This is something AMAB (“Assigned Male at Birth”) non-binary people like me often painfully come to realize. When I started wearing skirts earlier this year, I could barely leave the house without noticing the intense stares of strangers every few minutes. What I saw in their faces was confusion, disbelief, and (again) disgust. All of a sudden, wearing pants — something I’d done my entire life — felt like putting on some sort of protective gear. It became less difficult to believe, then, that many people genuinely see us as freakish and our openness as societal decline.

And this is in no way limited to those on the political right. It took many months and strenuous conversations before my liberal parents and grandma would warm towards the idea of me wearing a skirt. Even other queer people I know have expressed discomfort with the idea of “a man in a skirt” — which is what AMAB transgender and non-binary people still are to a lot of people. Perhaps this is why the verbal abuse Styles received for his experimentation with style and gender presentation hits so close to home. For trans and non-binary people, this is about free expression of gender identity.

Many cisgender (non-transgender) men and women often take this expression for granted. The fight for gender equality must emphasize the toll that such constant mockery and dehumanization takes on transgender, non-binary, and gender nonconforming people just for being themselves. And this toll is measurable. While the topic is understudied, more and more evidence suggests that discrimination based on gender expression has important public health implications, leading to depression, anxiety and more.

Being unattractive to women or just being a freakish man are fears I have had before. And so is the sense of failing at being something I have no interest in being in the first place but that society nevertheless demands. When right-wingers and others choose to stoke up fear about Styles’ fashion choices in order to defend arbitrary and socially constructed gender norms, they directly stand in the way of equality.

But What About Masculinity?

Of course, it’s not only transgender and non-binary people whom this backlash affects. The American Psychological Association labels traditional masculinity as “psychologically harmful” because of the way it urges “boys and men to suppress their emotions.” There must be a serious conversation about how such narrow visions of what men can be affects their mental health. Surely, International Men’s Day would have been a great opportunity to have that conversation. To see this right-wing vitriol happen around the same time is a particularly depressing spectacle.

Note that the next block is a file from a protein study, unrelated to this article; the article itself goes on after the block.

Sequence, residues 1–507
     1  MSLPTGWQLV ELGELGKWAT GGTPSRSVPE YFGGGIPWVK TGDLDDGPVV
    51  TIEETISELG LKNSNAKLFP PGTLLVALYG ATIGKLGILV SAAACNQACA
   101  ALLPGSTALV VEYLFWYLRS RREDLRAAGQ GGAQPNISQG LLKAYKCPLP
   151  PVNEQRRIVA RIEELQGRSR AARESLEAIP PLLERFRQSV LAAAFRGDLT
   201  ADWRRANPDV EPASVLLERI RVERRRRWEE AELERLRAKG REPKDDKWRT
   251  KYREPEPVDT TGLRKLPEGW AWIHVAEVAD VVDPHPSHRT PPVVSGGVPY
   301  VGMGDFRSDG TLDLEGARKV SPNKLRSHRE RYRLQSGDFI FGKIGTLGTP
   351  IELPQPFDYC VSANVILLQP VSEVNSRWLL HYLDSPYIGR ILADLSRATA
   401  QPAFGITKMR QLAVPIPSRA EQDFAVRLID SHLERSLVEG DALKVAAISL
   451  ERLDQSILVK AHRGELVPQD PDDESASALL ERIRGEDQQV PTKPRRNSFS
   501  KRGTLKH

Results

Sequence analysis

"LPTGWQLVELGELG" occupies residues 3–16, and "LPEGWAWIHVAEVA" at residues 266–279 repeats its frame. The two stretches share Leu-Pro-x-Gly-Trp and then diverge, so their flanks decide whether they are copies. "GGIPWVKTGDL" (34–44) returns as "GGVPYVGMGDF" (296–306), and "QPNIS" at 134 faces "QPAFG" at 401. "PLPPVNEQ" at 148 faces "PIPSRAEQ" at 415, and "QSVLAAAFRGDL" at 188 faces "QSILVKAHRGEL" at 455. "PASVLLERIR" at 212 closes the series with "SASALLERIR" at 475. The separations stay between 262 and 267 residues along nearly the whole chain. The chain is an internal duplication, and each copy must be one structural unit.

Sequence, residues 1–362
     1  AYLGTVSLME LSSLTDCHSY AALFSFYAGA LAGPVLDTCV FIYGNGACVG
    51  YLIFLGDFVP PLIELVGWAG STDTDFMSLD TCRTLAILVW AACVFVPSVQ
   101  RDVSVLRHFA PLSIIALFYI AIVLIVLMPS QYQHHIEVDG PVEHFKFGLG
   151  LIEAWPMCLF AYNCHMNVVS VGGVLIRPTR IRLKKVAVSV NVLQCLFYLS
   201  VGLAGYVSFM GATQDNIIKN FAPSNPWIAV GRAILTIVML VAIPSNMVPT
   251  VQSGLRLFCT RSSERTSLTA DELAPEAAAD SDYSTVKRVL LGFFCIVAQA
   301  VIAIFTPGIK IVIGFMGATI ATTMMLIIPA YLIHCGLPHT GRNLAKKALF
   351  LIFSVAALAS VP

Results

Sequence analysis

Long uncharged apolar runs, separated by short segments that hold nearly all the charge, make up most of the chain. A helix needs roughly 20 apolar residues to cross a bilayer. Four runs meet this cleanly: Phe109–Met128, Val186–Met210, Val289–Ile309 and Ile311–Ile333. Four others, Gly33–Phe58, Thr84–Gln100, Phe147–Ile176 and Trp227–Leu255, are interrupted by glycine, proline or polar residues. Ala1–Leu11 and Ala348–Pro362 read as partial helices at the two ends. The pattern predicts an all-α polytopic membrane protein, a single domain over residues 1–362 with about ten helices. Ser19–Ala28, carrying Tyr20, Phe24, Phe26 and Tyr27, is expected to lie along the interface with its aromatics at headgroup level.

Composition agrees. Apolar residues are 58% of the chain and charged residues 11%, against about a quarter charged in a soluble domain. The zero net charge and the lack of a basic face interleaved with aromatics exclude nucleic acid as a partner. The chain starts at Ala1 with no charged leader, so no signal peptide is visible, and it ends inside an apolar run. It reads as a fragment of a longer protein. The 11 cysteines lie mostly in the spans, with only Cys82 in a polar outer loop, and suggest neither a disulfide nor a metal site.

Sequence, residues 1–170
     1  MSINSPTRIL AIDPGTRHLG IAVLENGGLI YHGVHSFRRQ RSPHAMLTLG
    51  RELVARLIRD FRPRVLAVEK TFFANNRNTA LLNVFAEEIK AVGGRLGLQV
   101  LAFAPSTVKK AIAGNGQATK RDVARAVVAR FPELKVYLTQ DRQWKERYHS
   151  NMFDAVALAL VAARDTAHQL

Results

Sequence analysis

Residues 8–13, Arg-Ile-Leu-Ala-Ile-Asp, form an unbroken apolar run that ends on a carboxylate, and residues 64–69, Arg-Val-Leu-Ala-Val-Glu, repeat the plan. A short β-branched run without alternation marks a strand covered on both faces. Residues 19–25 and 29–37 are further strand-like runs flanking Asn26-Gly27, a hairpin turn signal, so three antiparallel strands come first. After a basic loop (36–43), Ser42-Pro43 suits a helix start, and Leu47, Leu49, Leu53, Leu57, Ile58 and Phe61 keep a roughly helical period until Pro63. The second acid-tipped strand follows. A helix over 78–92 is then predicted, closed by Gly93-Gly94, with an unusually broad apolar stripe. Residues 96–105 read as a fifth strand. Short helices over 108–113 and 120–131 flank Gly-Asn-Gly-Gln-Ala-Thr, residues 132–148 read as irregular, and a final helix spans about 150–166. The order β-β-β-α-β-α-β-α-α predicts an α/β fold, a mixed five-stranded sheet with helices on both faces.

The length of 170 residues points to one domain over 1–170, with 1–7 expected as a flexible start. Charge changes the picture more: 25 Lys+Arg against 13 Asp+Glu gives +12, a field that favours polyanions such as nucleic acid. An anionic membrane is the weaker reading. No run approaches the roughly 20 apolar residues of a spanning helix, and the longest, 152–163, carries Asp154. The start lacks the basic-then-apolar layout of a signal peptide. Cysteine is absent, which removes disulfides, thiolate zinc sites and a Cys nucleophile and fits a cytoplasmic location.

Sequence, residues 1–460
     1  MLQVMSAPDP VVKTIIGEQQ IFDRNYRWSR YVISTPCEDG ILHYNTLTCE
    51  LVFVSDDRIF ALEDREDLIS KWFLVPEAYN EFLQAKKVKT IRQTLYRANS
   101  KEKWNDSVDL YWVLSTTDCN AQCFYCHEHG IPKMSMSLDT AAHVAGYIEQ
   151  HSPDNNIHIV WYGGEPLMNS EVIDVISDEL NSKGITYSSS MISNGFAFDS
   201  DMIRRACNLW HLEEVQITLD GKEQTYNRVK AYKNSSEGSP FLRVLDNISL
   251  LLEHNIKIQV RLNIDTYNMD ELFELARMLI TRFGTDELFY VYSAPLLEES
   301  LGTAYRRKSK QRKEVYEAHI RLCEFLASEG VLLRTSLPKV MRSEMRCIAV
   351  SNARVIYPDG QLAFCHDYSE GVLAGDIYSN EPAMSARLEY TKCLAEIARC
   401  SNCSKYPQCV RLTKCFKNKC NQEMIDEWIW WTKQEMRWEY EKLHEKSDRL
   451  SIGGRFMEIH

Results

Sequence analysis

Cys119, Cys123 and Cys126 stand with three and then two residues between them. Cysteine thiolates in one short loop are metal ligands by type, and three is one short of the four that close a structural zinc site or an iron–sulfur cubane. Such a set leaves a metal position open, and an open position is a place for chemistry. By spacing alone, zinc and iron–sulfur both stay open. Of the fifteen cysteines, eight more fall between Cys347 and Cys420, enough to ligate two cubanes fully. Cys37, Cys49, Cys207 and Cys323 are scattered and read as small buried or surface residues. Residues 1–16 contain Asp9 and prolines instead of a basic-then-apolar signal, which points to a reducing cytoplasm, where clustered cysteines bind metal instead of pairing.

All of this is reason to believe that conservatives are fatally wrong in their assessment of masculinity. Western society doesn’t need “stronger” men. It needs a more inclusive concept of manhood. We need more willingness to experiment with gender and sexual expression, not less. This would help men in general, feminine or not, as well as the marginalized groups caught in the crossfire of these discourses.

It is still worth pointing out, as Indian-American transfeminine writer and artist Alok Vaid-Menon has in their recent Instagram post, that a white cisgender man like Styles should not receive this much credit for the popularization of gender ambiguity in fashion. Especially when, as they argue, “trans femmes of color [do not] receive praise for doing the same thing every day.” On the plus side, however, there is the hope that his Vogue cover story opens up the possibility of more androgynous or feminine AMAB people in the spotlight. Because contrary to what Owens and Shapiro argue, their narrow view of the role of men is not saving society. It’s demonstrably damaging it.

Non-Binary English/philosophy student, writer and comics enthusiast from Germany. they/them; he/him.